Many people have expressed concern about the practicality of assigning a monetary cost to a unit of carbon emission. There is no way to perfectly determine the cost of emissions, yet the inability to determine cost cannot be an excuse for inaction. A foundation for determining costs of emissions would be to start with a hedonic pricing technique that looks at the relationship between air quality and housing prices. The positive relationship (high priced houses are associated with cleaner air) can be used to determine a baseline for the price of carbon emissions. Other techniques can be used to determine other costs of carbon that can be added onto the baseline until we reach an acceptable price of carbon emissions. At this point it would be best to use this price, understanding that it is not perfect, and implement a cap and trade or a tax policy. The uncertainty regarding some of the future effects of high carbon emissions is too great to not take this problem seriously and take action now.
The problem of global warning is a good example of thinking about negative externalities and the best way to deal with it. The regular approach would be to analyze the marginal cost and marginal benefits of carbon. emission. The optimal level of emission will be at the point where the costs from emitting an extra unit of carbon is greater than its benefits.But as others have said in their posts, the problem is determining the costs of carbon emission. It is hard to put a monetary value on things for which no market exists. How do we put a value of environmental damage, air quality damage and ecological damage.The uncertainty about costs is always an important thing to keep in mind when we are thinking about tax vs. cap and trade system for curtailing carbon emission. Since we do not know the right total cost of emission, we can either chose a fixed price/cost of emission or quantity of emission (which might after all not be the optimal level). Hence in order to chose between the two we need to decide which one of the two quantities do want to fix.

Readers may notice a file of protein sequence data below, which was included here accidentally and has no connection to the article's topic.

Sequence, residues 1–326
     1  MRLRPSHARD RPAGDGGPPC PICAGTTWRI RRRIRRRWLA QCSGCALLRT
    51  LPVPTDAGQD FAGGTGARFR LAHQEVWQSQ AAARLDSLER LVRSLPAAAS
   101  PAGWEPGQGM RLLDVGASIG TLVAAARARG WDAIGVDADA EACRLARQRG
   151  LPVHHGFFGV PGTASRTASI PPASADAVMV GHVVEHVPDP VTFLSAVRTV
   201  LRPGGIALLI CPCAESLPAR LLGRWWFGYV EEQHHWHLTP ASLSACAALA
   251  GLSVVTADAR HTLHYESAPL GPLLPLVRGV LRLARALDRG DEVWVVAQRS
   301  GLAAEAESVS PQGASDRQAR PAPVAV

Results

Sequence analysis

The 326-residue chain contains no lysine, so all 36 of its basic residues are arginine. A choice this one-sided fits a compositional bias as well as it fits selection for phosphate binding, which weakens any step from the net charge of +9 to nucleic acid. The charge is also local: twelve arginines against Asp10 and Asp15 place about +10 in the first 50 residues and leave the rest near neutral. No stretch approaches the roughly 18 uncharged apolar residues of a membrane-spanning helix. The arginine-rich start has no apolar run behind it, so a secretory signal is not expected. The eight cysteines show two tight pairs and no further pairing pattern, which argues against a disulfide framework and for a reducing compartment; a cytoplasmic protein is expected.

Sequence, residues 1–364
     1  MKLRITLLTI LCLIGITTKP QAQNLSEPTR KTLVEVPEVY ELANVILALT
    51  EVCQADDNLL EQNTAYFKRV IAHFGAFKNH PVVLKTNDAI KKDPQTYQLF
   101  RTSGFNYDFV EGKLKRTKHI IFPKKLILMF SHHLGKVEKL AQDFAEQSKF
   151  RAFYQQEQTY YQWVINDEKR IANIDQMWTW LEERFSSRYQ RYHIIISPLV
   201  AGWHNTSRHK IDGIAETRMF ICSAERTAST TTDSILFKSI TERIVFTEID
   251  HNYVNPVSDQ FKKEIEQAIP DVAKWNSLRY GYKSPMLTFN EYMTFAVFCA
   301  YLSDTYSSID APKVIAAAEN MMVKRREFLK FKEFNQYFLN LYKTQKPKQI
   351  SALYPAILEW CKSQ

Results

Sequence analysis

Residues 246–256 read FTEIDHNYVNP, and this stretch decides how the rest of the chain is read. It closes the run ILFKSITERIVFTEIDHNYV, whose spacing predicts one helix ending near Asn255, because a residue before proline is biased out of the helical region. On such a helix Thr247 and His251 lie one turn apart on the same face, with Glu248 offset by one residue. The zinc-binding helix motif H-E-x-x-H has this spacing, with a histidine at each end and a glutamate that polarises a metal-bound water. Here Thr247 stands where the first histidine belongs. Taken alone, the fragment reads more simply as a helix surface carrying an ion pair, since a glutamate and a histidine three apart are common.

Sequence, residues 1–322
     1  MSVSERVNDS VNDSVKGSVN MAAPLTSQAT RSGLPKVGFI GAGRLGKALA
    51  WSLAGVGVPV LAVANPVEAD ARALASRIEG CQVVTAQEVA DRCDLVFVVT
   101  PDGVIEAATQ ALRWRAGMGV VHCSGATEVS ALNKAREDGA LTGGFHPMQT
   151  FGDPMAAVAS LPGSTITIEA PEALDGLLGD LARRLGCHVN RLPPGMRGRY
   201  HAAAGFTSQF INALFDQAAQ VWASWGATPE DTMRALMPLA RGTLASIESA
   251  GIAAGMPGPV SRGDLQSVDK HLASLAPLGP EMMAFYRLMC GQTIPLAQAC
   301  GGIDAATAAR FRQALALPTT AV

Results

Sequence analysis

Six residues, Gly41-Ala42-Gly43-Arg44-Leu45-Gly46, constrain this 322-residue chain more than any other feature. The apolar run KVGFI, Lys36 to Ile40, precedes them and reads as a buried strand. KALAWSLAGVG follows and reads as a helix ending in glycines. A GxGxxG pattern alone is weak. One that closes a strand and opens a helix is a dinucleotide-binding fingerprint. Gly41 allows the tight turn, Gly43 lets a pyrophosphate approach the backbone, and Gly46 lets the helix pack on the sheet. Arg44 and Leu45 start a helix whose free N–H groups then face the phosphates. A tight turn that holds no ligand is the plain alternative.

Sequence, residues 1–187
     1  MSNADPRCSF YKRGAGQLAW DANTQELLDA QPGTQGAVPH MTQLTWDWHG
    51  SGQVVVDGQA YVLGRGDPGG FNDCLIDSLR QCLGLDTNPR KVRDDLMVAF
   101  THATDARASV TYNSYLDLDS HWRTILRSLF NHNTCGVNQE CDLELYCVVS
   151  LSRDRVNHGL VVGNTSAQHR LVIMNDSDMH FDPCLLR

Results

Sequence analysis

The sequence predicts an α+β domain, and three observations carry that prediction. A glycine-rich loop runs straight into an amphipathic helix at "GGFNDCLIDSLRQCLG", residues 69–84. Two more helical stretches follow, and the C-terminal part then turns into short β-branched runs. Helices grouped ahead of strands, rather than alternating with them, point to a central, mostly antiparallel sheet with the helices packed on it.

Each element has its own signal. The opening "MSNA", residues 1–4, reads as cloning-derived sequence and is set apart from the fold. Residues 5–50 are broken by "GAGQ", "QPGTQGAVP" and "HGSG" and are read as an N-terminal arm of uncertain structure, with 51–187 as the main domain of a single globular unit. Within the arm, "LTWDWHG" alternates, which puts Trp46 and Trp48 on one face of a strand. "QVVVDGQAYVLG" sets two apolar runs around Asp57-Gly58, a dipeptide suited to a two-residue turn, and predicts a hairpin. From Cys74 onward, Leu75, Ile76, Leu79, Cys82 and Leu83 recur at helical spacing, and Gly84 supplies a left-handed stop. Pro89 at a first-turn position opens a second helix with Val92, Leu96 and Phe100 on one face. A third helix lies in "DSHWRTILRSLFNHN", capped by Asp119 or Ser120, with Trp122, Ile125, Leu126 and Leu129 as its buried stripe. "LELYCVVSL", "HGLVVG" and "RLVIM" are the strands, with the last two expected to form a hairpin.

This article emphasizes the importance of decision makers to properly interpret and understand basic economic principles. I'm glad the author was able to meet directly with Coase and have him clear up some of the confusion. The article mentioned how the externalities associated with CO2 emmisions are practically impossible to escape. In addition there is no current market for clean ozone layers, good water quality, etc. Such circumstances call for government intervention so cooperative collusion can take place.
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I think it is interesting that the author points out that critics of cap and trade and carbon taxing including conservatives believe it is a form of "social engineering." It is funny to me that taxes on carbon can be construed as social engineering and a violation of liberty. If we continue to abide by that kind of thinking, we will never be able to develop a successful carbon-cutting plan.